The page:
Outrage is growing amongst the coastal communities of South Africa as it becomes more apparant that human interaction off shore is attracting sharks to popular swimming and surfing beaches.

Research needs to be done on shark- human interaction in South African waters.

Jeffreys Bay and St Francis Bay experienced numerous sightings of Great White Sharks close to shore that led to the unprecedented closing of Main Beach in December, and Fish Hoek has all but become a no go zone in recent times.

One of the common demoninators is chumming/baiting close to shore. And the problem may even get worse.

According to Dr. Dirk Schmidt, National Geographic is filming its reality show “Shark-Men” between the 10th – 30th April 2012 in False Bay. A permit to operate in the bay has been provided by Dr. Alan Boyd, Director of Biodiversity and Coastal Research – Environmental Affairs, without consultation of the local community.

5 000 kg of Tuna has been loaded, which is to be used for baiting and chumming. The use of possible whale meat or blubber has not been denied. This is in stark contrast to the local shark cage diving operators, which are limited to a maximum of 25 Kg of fish products per day.

The operating procedure for the capture of Great Whites includes actively attracting sharks to the ship and its support vessels, for scientists to select an appropriate “research” shark, which is then hooked, tired and exhausted to present less danger to the fishing crew and researchers, loaded on a submersible platform and raised out of the water.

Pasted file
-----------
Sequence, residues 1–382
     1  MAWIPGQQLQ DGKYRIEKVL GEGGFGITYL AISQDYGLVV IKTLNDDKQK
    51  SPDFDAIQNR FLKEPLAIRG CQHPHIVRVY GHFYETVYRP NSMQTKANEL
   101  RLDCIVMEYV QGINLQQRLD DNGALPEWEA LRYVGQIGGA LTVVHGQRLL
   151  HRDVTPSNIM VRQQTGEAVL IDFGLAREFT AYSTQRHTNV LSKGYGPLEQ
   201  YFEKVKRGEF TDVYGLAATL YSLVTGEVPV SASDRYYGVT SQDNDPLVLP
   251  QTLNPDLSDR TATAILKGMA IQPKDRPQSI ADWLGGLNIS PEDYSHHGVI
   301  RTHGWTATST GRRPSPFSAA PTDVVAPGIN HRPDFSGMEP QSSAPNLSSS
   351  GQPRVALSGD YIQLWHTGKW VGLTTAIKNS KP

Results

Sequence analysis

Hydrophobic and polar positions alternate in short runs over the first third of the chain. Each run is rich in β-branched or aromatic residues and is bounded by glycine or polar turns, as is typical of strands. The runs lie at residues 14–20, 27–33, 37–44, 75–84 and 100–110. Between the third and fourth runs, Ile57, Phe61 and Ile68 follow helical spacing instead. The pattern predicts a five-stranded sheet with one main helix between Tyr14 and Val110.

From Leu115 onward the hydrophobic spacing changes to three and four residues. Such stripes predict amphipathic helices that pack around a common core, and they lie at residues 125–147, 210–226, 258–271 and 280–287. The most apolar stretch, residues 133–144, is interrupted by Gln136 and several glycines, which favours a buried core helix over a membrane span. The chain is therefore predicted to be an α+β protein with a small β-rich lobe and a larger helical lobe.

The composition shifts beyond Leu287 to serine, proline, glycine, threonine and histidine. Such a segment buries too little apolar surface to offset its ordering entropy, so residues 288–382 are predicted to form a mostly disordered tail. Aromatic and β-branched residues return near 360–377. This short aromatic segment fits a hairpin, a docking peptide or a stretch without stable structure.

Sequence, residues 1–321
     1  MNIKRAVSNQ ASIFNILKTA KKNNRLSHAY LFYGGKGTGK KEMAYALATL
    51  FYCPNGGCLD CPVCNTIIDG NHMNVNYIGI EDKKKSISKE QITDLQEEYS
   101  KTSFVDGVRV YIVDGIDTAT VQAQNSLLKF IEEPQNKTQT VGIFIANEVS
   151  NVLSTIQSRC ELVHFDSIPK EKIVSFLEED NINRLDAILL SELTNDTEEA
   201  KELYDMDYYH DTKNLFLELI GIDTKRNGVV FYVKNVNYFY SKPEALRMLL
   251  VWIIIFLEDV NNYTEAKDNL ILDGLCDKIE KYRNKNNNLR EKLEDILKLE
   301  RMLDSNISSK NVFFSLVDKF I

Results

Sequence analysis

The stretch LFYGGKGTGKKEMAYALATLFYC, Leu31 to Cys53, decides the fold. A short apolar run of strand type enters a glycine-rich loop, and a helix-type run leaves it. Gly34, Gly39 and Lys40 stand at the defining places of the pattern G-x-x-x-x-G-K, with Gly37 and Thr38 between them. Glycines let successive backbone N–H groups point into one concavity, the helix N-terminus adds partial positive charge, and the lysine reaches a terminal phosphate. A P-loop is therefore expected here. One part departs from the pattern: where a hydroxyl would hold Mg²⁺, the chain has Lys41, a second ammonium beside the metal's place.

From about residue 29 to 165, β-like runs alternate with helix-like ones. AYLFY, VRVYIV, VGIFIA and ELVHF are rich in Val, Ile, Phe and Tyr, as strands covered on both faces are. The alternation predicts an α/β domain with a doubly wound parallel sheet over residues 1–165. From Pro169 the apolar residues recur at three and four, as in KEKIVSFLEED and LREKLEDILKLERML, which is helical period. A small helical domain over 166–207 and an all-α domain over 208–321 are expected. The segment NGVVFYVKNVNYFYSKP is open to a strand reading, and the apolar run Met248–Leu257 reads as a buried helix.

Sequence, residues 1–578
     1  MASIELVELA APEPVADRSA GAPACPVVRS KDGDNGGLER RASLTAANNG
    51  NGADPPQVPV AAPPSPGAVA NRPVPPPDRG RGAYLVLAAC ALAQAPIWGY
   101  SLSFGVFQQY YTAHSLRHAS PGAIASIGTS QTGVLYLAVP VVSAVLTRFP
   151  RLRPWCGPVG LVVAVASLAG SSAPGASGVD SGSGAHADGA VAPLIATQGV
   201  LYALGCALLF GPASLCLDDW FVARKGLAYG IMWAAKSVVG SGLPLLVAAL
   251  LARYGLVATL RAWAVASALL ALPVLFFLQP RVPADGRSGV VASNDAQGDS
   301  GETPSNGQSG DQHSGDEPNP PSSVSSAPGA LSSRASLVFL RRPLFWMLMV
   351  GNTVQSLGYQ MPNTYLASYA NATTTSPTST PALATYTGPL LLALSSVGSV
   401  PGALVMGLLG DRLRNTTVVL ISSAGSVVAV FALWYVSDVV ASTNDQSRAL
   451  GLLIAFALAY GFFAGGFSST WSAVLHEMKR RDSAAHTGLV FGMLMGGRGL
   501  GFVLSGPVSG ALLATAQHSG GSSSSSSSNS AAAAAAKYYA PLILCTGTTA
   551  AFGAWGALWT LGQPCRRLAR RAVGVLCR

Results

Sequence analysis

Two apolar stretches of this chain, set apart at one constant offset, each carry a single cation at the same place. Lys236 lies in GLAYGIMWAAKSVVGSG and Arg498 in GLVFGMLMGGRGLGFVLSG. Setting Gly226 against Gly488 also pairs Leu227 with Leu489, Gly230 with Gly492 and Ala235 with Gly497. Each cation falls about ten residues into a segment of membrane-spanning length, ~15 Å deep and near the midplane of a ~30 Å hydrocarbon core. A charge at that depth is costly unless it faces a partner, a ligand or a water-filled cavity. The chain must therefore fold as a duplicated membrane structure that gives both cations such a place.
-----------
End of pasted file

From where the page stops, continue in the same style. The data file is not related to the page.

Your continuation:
The shark remains on the platform for up to 20 minutes during which a number of tests are performed, including body cavity implants, blood sampling and a satellite tagging. After the various procedures are completed it is floated back into the water.

Whilst this is done under the ambit of “television research” with the blessing of Environmental Affairs and local researchers, serious concern arises from a number of issues.

The close proximity to Muizenberg, winds and currents may take the chum slick inshore. An increased number of White sharks may be attracted from outside the bay to the Seal Island area due to the active chumming operation over an extended period of time.

Captured sharks are exhausted, stressed and disorientated after their ordeal, some initial tracking data released of other areas, suggests that “post-surgery” sharks leave the immediate area. Due to Seal Island lying in a horseshoe shaped bay, sharks may end up near Muizenberg and other popular beaches.

This may lead to possible increased shark-human interactions. A sharp increase in the number of White Sharks may be noted during and after the filming has been completed, as these sharks, initially attracted by volumes of chum to the Seal Island area, find their way around the bay. The dispersal of a massive chum slick, given on-shore winds, may further increase the number of inshore sharks which cruise the chum slick in search of food.

Dr. Dirk Schmidt believes it to be prudent, and as a preventative measure, that a high shark alert is issued and maintained during, and for several days after, the filming activity. Unusual White Shark behavior and an increased presence and possible shark-human interaction or even attacks – cannot be excluded.

In the event of a shark attack, we need to question, who will be held accountable, Dr. Boyd for issuing the permit, National Geographic and Fisher productions for baiting and chumming, the researchers for supporting the project?

Concerns may be directed to the Director of Biodiversity and Coastal Research – Dr. Alan Boyd at email: ajboyd@environment.gov.za , or National Geographic tkelly@ngs.org, or dedelson@ngs.org

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